Make no mistake, dark energy – be it the cosmological constant or quintessence – is the leading theory with plenty of observational evidence to support it. The alternatives remain highly controversial. Yet those nagging questions just won’t go away. Upcoming surveys will either solidify dark energy theory’s position further, or produce a surprise by pulling the rug out from under it. With the Dark Energy Survey – an international collaboration using a 570-million-pixel camera called DECam on the Blanco 4 m telescope at the Cerro Tololo Inter-American Observatory in Chile – releasing its first data from a survey of 300 million galaxies, these are exciting times.
“What makes this a really fun field to be in is that I don’t know what the next big step will be,” concludes Riess. “We’re just in the middle of our initial reconnaissance, and I don’t think we should be surprised by surprises.”
The Dark Energy Survey captures images of galaxies billions of light-years away to help our understanding of the evolution of the cosmos. Assessing these galaxies’ properties, such as their size, shape and distance from each other, is a painstaking process, one that involves not only collecting massive amounts of data, but also correcting for potential miscues that challenge the very act of assessing the data.
The Fermilab-led Dark Energy Survey aims to make unprecedented measurements of a phenomenon known as gravitational lensing. Gravity bends light produced by faraway galaxies, so images of galaxies are subtly distorted by the time they reach Earth. The degree of distortion itself can provide information about those galaxies, galaxy clusters and the universe around them. An important step in making accurate measurements of the universe is by successfully isolating these tiny distortions.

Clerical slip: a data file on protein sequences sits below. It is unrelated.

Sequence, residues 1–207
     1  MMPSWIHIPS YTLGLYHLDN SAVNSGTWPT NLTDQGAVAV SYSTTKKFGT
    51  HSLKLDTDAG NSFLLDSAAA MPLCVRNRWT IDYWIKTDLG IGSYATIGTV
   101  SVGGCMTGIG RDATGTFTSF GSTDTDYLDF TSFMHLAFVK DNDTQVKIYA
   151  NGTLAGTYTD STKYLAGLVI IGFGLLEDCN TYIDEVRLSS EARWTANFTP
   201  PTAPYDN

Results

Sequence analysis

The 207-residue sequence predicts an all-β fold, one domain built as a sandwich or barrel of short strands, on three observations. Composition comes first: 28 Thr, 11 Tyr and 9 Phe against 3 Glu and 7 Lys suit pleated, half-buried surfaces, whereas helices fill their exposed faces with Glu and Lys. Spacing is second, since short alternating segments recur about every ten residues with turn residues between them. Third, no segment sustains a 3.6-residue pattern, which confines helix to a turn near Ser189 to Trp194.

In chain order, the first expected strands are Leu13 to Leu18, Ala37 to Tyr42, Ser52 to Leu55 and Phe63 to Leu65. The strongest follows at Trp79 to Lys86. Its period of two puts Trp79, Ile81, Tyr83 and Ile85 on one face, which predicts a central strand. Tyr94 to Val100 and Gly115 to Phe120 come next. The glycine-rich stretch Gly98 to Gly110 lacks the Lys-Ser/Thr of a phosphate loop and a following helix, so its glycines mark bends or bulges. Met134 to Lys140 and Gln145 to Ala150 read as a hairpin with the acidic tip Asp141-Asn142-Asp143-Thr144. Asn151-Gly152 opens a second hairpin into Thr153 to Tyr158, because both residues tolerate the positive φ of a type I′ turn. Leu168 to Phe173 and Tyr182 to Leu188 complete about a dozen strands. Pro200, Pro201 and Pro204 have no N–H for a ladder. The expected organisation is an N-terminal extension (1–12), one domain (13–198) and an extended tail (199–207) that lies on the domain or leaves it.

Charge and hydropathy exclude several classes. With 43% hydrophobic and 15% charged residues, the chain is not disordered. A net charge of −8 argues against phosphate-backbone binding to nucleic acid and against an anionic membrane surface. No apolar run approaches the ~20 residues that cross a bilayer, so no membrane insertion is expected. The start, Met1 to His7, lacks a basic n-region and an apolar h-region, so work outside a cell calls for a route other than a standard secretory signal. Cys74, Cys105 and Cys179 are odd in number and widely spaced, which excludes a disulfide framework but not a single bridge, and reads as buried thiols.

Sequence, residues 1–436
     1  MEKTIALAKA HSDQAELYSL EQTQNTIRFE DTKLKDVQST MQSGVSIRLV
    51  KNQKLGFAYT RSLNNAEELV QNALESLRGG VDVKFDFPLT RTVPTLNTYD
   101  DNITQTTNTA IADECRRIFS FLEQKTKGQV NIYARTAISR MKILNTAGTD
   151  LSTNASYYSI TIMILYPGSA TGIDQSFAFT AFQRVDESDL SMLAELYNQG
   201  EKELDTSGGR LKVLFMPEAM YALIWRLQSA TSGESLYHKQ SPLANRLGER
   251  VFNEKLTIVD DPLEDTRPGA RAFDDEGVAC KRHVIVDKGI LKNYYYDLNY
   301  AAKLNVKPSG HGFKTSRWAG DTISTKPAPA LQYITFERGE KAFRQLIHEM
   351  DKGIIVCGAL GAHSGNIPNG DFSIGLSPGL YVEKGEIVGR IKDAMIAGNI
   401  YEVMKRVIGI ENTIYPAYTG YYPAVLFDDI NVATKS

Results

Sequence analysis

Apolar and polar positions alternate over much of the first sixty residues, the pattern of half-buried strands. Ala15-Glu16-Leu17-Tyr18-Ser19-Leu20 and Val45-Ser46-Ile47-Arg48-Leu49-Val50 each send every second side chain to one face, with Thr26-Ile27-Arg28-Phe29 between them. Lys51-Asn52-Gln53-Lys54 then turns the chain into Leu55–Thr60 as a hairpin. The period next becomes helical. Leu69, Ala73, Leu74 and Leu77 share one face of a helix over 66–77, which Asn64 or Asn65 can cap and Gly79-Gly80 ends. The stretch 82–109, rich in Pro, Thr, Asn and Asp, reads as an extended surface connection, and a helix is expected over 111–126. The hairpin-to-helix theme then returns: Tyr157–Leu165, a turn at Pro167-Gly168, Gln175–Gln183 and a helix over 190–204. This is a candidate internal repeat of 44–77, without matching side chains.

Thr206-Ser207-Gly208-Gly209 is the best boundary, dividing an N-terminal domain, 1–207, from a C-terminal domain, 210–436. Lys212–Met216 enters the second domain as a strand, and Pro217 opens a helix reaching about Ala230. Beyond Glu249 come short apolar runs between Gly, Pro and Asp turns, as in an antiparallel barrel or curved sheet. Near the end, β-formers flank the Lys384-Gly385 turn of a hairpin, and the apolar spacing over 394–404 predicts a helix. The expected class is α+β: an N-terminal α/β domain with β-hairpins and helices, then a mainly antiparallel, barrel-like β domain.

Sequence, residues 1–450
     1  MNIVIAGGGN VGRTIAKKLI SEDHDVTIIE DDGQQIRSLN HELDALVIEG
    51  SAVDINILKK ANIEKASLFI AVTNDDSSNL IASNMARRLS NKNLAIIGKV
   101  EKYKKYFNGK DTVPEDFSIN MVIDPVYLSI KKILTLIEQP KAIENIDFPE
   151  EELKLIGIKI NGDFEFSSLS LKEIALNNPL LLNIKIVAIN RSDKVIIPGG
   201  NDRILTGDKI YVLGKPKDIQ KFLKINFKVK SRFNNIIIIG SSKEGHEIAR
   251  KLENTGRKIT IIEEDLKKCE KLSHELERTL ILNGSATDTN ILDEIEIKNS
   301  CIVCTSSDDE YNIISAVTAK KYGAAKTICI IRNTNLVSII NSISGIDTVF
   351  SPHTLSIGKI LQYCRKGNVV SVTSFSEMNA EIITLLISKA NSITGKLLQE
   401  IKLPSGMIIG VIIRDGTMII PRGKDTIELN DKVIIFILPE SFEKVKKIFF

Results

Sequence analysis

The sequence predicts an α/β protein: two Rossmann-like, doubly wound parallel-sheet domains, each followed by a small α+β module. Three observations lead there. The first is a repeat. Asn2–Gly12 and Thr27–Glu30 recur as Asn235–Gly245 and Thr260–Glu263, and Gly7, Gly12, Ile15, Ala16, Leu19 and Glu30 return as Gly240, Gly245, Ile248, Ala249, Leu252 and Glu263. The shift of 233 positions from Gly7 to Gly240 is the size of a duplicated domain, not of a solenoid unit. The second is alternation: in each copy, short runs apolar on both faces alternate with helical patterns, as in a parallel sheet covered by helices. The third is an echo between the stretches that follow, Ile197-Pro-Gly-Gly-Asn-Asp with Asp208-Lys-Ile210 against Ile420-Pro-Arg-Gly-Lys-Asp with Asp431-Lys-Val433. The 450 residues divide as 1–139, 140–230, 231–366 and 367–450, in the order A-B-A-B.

Simon Samuroff is the recipient of the 2017 URA Thesis Award, presented annually for outstanding work by a graduate student working at or in collaboration with Fermilab. In his thesis, titled “Systematic Biases in Weak Lensing Cosmology with the Dark Energy Survey,” Samuroff built computer simulations to model the shapes of galaxies captured by the Dark Energy Camera, which was built by Fermilab and is located at an observatory on a Chilean mountaintop. He closely compared thousands of the simulations to actual images to determine the amount by which scientists’ initial estimates of these distortions are incorrect. He singled out miscues so the Dark Energy Camera could make improved measurements and be more sensitive to subtle effects of phenomena such as dark matter.
“The committee was impressed by both the quality of writing and the magnitude of his study — cataloging millions of galaxies or clusters and taking very small effects into account,” said Fermilab scientist Lenny Spiegel, chair of the URA Thesis Award Committee. “His work is invaluable to scientists studying mysteries regarding astrophysics, which may ultimately point the direction for future progress in particle physics.”
One of Samuroff’s major results showed that interactions between the images of neighboring galaxies that overlapped affected scientists’ measurements more severely than they realized. By identifying where and to what degree distortions like this cause inaccuracies, Samuroff helps scientists create a more reliable system of measurement.
The discovery of a distant Kuiper Belt Object (KBO) with an extremely eccentric orbit could be evidence that a giant planet is waiting to be discovered in the outer solar system.
KBO BP519 was discovered by scientists analyzing data collected by the Dark Energy Survey, which observes a region far above the orbital plane of most of the solar system’s planets as part of a project to measure acceleration of the universe’s expansion.